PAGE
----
Court name
High Court of Uganda
Judgment date
3 May 2012

Oloka & Anor Oyende & 2 Ors (HCT-04-CV-CA-2009/78) [2012] UGHC 87 (03 May 2012);

Cite this case
[2012] UGHC 87
Short summary:

Property Law, Land







(Arising from Tororo Civil Suit No. 109/2008)


  2. YOGA MICHAEL……….……………………………APPELLANTS


  3. AARON K. OWINO…………………………………..RESPONDENTS








The appellants Oloka Patrick and Yoga Michael filed this appeal through M/s Okwalanga and Co. Advocates against the judgment and orders of the Magistrate Grade I Tororo.


The respondents Henry Oyende Yoga, Mike P. Yoga andAaron K. Owino are represented by M/s Kob Solicitors and Advocates.


The grounds of appeal are that:

  1. The decision of the Magistrate was not based on the evidence on record and in the result substantial miscarriage of justice was occasioned.
  2. That the evidence on record and the facts of the case are at variance, a fact the trial Magistrate did not take into account and in the result a substantial miscarriage of justice was occasioned.
  3. That the proceedings were flawed ab initio as the court did not bother to address the issue as to who should have obtained letters of administration in respect of the estate of the late Odero the person from whom both parties claim to derive title from.


Both learned counsel were required to file written submissions in support of their respective cases but only learned counsel for the respondents complied.  No extension of time for compliance was sought by the appellant.  I will therefore go ahead and write the judgment.


As rightly submitted by learned counsel for the respondents it is the duty of the first appellate court to re evaluate the evidence on record and arrive at its own conclusion.  This was decided in the case of Uganda Breweries Limited v. Uganda Railways Corporation SCCA 6 of 2001.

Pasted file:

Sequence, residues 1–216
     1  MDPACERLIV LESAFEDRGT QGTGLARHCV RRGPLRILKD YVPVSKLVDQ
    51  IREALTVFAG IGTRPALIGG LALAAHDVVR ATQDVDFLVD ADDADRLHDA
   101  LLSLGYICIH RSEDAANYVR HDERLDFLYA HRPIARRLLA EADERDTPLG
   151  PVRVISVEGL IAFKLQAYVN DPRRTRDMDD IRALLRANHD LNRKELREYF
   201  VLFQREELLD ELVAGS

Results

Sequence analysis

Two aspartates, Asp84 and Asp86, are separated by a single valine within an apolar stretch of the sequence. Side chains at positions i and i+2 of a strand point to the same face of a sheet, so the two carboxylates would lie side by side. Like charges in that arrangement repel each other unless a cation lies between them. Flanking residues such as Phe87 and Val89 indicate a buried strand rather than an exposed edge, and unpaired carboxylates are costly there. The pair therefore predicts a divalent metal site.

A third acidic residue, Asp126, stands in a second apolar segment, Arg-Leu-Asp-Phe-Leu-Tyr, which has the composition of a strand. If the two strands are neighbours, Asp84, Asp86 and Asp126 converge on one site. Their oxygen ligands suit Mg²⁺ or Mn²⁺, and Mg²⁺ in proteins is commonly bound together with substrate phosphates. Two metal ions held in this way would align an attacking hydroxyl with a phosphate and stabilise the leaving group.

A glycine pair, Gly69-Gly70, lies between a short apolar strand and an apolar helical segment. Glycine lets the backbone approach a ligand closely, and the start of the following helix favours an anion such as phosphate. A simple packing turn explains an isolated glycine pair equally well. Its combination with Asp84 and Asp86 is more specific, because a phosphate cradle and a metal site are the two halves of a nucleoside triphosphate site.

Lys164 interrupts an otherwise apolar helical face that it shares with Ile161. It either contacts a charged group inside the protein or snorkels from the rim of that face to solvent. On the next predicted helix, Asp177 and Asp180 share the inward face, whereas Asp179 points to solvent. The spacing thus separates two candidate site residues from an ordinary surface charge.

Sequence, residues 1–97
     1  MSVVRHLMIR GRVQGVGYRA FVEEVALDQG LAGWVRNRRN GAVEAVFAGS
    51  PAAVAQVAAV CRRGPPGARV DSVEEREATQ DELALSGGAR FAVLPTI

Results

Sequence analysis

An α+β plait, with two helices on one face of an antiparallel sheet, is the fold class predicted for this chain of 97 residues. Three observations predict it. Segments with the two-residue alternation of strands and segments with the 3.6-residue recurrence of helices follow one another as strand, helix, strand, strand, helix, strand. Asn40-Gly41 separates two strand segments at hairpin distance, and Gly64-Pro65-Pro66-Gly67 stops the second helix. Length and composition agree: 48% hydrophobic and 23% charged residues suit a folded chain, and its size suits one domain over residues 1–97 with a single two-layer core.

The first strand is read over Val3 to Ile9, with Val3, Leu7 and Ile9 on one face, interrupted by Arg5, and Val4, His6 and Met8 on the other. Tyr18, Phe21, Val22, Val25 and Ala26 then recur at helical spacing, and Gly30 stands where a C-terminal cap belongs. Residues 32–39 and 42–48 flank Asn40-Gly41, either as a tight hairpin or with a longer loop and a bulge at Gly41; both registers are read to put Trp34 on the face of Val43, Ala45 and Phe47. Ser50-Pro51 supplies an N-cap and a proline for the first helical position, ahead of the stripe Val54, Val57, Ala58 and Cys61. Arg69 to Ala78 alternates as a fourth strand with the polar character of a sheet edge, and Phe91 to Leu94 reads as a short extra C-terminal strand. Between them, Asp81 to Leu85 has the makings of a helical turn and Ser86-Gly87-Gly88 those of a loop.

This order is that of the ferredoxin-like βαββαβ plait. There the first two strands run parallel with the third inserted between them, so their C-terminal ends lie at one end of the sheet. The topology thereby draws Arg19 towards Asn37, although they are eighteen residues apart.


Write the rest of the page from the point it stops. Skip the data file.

It is equally trite that proof of civil claims is on a balance of probabilities and the burden lies on whoever alleges.



Having these pronouncements in mind, and after re evaluation of the lower court’s evidence as well as the judgment by the learned trial magistrate and relating the same to the submissions by learned counsel for the respondent I have found that this appeal has no merit at all.  The learned trial magistrate wrote a well reasoned judgment and considered the evidence as a whole and reached the correct judgment.  In fact I have no reason whatsoever to add or subtract from the said well reasoned judgment.  The judgment had no error to sustain any of the complaints by the appellants in their memorandum of appeal that any miscarriage of justice was occasioned to them.


The respondents bought the suit land from the father of the appellants one Wilberforce Ochieng in December 2007 at an agreed price of Ug. Shs.10,000,000/= only.  A sale agreement was executed to that effect freely.  The Appellants’ father as vendor and his family were granted a six month’s grace period within which to vacate the land.  But when they were given notice to vacate the suit land, they refused claiming to be customary owners of the said land and argued that the respondents had transacted with a wrong party without any interest in the suit land.


The only two issues framed at the trial were;

  1. Who is entitled to the suit land; and
  2. What are the remedies available?

After evaluating the evidence the learned trial Magistrate correctly found that the late Odero could not have bequeathed the suit land to the appellants since the same had already been passed on to his son PW.4 who sold the same to the respondents.


There is no merit in the complaints by the appellants in the grounds of appeal.


The issue of who was entitled to letters of administration cannot be raised on appeal since that ought to have been challenged in different suit altogether.  In any case as rightly pointed out by learned counsel for the respondents, obtaining letters of administration does not entitle one to own the estate or land.  A person can be an administrator of an estate without necessarily having a share in the estate.


In some cases administrators only manage estates on behalf of the beneficiaries and for limited time, usually six months and not in perpetuity.

In this case however as testified by DW.4 there was no estate of the late Wilson Odero to manage because he had divided his land to his sons before his death.


Consequently I will dismiss this appeal with costs here and in the court below.




Stephen Musota